Oily Bird, originally uploaded by olivander.


I’m struggling with the mantra of digital strategists like Seth Godin who argues that we need to make things as simple as possible for people:

We like things that are simple, not complex. Issues where we can take action without changing very much. If a marketer brings us a new idea, it’s either ignored or it’s a problem. A problem because we have to do something with the idea. Buy the new suit, trade in for the new car, install a new IT solution or change the way we feel about an issue.

The best problems, as far as a consumer is concerned, are those that can be solved quickly and easily, with few side effects.

In other words you keep things lubricated, you reduce the friction of the ‘social’, you make things easy and value the ease with which you can engender a relationship.  Compare this to the "ethics of inconvenience" put forward by Will Davies, who argues the need for an understanding of friction as social value

I spoke at this conference earlier this year, discussing what digital technology offered the voluntary sector. One of the things I raised as an anxiety was an advert in the paper from that morning, in which Oxfam were claiming that ‘One click. That’s the difference between life and death for millions of people’ (part of their current I’m In campaign). On the one hand this is a fairly transparent and innocent attempt to ride the wave of the Make Poverty History campaign which ended last year, but on the other, it’s just a pack of lies. My medicine is a bit shakey, but I’m fairly convinced that One click is not the difference between life and death for even one person, let alone millions. The dilemma these charities face is how much to see the internet as a way of lowering barriers to entry, and how much to see it as a potential dilution of the issues at stake. And the problem is that barriers to entry tend to be constitutive of the value of action. The fact that it is a pain in the arse to write a letter, attend a meeting, dress up as batman and climb a monument, run for parliament or wage a decades long campaign for recognition, is why these actions are both admirable and effective.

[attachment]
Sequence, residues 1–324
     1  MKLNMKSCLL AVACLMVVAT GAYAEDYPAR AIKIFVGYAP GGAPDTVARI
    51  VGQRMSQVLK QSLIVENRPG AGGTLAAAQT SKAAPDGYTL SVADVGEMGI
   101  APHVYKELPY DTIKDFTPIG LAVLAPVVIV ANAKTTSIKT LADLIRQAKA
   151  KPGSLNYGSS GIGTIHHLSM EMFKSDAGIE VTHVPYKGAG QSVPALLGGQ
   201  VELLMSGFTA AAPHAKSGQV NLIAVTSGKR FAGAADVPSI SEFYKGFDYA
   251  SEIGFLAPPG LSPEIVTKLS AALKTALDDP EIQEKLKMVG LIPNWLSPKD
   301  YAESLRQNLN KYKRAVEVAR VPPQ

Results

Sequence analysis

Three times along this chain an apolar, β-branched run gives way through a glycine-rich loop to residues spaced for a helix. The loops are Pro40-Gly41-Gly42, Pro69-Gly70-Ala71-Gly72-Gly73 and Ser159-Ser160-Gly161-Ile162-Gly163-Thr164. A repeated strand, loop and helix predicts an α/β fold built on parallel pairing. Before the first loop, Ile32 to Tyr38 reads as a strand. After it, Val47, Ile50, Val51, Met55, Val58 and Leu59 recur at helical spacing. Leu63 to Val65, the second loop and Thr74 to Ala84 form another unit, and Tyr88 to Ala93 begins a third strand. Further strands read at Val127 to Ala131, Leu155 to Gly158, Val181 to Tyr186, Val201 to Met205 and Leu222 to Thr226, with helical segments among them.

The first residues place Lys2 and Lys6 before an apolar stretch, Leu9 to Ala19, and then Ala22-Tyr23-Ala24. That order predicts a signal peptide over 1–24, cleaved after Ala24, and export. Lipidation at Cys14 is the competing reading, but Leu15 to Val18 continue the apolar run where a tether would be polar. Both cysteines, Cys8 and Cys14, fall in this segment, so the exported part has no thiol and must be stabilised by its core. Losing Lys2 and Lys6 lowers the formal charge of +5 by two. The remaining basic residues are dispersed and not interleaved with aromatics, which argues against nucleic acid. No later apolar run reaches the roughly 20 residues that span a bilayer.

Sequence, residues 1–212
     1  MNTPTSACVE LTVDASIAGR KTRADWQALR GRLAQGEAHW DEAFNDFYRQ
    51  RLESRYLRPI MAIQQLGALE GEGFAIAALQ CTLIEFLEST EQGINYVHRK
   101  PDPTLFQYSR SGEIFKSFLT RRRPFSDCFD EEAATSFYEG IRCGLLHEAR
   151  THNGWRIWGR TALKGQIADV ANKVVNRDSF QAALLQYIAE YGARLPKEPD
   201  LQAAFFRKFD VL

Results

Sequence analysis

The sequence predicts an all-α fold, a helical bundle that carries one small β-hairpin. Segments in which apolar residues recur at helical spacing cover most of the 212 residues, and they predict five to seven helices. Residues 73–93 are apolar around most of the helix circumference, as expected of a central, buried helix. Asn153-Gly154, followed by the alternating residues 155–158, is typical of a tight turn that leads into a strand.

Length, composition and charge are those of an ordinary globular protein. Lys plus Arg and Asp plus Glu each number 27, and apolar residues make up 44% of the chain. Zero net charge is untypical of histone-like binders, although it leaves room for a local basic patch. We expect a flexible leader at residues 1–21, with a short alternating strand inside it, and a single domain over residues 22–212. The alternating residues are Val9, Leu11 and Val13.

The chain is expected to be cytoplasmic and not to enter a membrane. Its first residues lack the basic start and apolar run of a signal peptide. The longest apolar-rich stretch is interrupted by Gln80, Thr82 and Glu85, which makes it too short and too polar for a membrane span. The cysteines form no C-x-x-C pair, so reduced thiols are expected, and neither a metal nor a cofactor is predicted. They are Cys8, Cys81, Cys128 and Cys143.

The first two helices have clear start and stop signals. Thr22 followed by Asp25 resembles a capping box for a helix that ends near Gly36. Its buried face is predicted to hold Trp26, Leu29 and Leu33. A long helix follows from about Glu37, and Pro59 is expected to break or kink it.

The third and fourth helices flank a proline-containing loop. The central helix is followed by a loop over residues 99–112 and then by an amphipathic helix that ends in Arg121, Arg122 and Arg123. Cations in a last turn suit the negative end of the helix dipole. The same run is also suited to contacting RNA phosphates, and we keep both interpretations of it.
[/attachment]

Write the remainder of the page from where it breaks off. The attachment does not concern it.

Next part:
I find both arguments persuasive.  My gripe is not just with the ethics of saving-the-world endeavour being promoted as easy and simplistic but the glut of things that stem from it being easy to join making the attention economy such an issue in the process.  Take Flickr.  Every day I’m offered the opportunity to join a new flickr group – I’ve already got more groups than I possibly know and rarely use any of them – and am told I’m a new contact for blah blah, who it transpires has 3457 contacts.  And of course it’s not just flickr, it’s the whole of social media where quantity equates with value. So much so that it undermines the social ‘media / ‘software’ it is predicated on.  In an online world the ease of being social undermines the value of relationships and consequently, over time, you put less effort in and you value the experience / contact / object less.  Consequently, diminishing, if not negative, returns set in [and probably lower than the Dunbar number of 150 which has been identified for a community to be cohesive as you and your contacts do not constitute a community in this sense, more a cohort or sub-set within the community].   

So if it is time we started appreciating quality rather than quality of relationships, friction rather than ease, how do we sell that into people?  How do we make ‘social media’ that values less rather than more? What does a strategy for ‘marketing friction’ to create lasting value between people and brands / issues look like? It’s clearly not what Oxfam are doing, so who is?